It's mandatory minicamp week in the NFL, the time of year when the stars often don't come out to play.
This offseason's collection of absentees reads like a venerable who's who of big-ticket names, a group containing such A-listers as Drew Brees, Ed Reed, Maurice Jones-Drew, Ray Rice, Matt Forte, Mike Wallace, Dwayne Bowe, Cliff Avril and Chris Clemons. And in what's become as accepted and customary a practice as any rite of the league's spring period, most of those no-shows are counter responses from players who have received franchise-tag designations from their respective team aimed to facilitate long-term contract negotiations.
Of course, the most celebrated of those cases belongs to Brees, in light of the record-setting quarterback's VIP status and hefty (albeit entirely reasonable) contract demands. But there isn't a person alive who wholeheartedly believes that the New Orleans Saints and the greatest player in the team's history won't eventually find common ground on a transcendent multi-year pact prior to the July 16 deadline for signing franchise delegates.
The same goes for Rice, a fellow franchise assignee whose importance likely won't be taken for granted by his employers. The Baltimore Ravens have used the tag on a cornerstone member twice previously during the past three offseasons, with the maneuver leading to lockups of defensive linchpins Terrell Suggs and Haloti Ngata on both occasions. And since teammate Reed's pre-camp retirement contemplations have become an almost annual occurrence, no one associated with the Ravens is taking the dynamic safety's latest soul- searching endeavor as anything more than a veteran's ploy to get out of some truthfully needless offseason work.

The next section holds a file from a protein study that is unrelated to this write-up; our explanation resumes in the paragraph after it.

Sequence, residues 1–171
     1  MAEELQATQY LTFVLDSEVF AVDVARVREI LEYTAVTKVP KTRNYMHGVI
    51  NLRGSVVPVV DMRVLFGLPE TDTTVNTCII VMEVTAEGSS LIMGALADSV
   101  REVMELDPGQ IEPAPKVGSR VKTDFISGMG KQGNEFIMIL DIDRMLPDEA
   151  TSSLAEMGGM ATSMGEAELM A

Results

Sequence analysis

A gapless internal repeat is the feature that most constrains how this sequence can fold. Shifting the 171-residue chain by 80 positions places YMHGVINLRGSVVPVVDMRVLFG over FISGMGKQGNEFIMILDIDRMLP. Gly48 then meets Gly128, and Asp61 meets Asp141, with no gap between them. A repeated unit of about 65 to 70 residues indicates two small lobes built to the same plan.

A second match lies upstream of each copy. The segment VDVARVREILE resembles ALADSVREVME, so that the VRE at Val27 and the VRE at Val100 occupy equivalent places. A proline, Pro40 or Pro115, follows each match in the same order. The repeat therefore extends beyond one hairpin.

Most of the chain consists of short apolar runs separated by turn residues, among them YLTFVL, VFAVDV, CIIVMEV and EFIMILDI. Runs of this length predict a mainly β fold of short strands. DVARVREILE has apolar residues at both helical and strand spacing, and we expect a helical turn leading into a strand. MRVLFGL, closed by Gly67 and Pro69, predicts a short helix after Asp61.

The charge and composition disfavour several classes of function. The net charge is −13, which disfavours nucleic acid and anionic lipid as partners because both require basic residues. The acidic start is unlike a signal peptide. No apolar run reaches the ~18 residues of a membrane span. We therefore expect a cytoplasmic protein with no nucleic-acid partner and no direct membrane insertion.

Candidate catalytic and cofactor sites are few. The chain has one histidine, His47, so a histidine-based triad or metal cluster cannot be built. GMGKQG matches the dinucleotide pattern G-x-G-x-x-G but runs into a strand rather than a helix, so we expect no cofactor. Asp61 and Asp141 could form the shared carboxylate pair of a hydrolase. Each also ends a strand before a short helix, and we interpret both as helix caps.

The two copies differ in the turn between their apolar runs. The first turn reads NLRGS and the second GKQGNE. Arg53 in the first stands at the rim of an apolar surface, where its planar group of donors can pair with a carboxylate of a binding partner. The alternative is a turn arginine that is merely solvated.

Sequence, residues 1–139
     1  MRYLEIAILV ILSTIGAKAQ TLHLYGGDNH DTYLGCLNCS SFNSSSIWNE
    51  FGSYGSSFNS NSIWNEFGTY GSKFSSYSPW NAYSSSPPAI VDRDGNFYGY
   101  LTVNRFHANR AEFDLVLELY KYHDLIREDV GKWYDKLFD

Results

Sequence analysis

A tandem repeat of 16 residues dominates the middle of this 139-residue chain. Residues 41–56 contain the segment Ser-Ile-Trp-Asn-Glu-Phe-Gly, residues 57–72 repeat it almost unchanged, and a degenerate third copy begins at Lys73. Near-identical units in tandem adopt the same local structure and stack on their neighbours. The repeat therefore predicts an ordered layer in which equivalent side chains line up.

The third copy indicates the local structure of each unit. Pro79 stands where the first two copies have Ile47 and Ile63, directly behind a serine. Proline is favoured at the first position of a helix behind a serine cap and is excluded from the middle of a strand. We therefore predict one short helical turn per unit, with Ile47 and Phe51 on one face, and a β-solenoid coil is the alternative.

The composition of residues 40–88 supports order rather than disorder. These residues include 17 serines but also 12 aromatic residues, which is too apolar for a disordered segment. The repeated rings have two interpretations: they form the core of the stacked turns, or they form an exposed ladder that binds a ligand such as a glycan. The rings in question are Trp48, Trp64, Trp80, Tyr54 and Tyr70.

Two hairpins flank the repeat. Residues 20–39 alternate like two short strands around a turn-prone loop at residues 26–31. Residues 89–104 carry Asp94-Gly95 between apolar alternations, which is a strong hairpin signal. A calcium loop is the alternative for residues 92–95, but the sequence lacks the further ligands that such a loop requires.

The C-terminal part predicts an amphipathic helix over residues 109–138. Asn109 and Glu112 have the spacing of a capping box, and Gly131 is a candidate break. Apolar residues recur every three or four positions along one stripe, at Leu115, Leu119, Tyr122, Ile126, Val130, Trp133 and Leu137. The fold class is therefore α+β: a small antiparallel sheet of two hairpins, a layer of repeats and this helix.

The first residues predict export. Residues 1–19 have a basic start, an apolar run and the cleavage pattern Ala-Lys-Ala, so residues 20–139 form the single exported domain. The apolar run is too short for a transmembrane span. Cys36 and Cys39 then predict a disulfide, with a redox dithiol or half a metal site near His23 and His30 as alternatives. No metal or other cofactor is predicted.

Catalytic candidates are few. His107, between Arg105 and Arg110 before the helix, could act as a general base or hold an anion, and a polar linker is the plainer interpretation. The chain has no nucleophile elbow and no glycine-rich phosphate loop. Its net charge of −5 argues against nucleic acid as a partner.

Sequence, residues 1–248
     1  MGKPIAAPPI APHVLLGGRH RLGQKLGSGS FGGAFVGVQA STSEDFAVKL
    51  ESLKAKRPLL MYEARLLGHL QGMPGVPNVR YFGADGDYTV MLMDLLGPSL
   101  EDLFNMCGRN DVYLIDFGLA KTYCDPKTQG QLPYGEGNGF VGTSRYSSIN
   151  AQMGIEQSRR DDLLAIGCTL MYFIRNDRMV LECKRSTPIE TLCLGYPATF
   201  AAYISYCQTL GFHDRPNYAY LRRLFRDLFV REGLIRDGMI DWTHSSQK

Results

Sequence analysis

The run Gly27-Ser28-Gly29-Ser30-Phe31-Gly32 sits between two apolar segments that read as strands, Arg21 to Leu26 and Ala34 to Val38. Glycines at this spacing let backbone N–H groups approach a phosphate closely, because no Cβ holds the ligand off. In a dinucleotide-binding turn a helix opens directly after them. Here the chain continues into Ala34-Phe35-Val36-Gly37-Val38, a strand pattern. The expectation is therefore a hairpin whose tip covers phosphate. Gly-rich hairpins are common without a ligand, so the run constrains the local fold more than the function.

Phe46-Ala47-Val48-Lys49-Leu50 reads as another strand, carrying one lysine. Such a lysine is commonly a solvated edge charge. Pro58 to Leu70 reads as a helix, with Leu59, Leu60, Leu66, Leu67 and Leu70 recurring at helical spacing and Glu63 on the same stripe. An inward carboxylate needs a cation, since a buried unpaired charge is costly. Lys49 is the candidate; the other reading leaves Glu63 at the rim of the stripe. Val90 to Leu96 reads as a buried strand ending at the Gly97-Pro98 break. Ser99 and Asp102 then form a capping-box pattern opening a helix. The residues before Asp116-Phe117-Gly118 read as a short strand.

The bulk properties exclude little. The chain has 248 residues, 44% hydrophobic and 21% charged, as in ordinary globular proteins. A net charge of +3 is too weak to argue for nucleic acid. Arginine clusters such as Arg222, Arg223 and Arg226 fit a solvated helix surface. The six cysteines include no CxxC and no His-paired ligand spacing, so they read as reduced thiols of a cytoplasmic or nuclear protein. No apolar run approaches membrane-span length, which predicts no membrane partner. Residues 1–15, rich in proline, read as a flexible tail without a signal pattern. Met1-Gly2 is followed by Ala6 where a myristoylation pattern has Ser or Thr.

Forte, Bowe and Wallace (a restricted free agent) all lack any real leverage in their situations, meaning the odds are each will be present at next month's training camp with either a new deal in hand or after grudgingly signing their tender.
That leaves Jones-Drew's money-related beef with the Jacksonville Jaguars as the favorite to become the bad-blood event of this NFL summer, even though the standout running back's truancy from minicamp has received less attention from some national media outlets than a forecasted future holdout by New York Jets cornerback Darrelle Revis that's been based entirely on hearsay (for the record, Revis is in attendance at Jets minicamp). And when factoring in all the circumstances that surround this looming squabble, it's a problem that may not be resolved anytime soon.
Jones-Drew is fresh off his first career rushing title and has amassed more yards on the ground (4,321) than anyone in the league over the past three years, yet the mighty-mite's current $4.45 million salary for 2012 barely cracks the top 10 among those at his position. He's without question the best and most important player on a Jacksonville offense that would have been historically inept without his presence last season, has demonstrated extraordinary durability (at least 333 touches and just two games missed from 2009-11) and has clearly outperformed his contract for a team that has lots of cap room to spare at the moment.
The Jaguars have taken a hard-line stance on the matter, with general manager Gene Smith publicly stating he fully expects Jones-Drew to honor the two seasons that remain on the five-year, $31 million deal he signed back in 2009. And the organization has legitimate reasons to ask its star to oblige, considering how Smith stuck out his own neck on a player that was still somewhat unproven three years ago.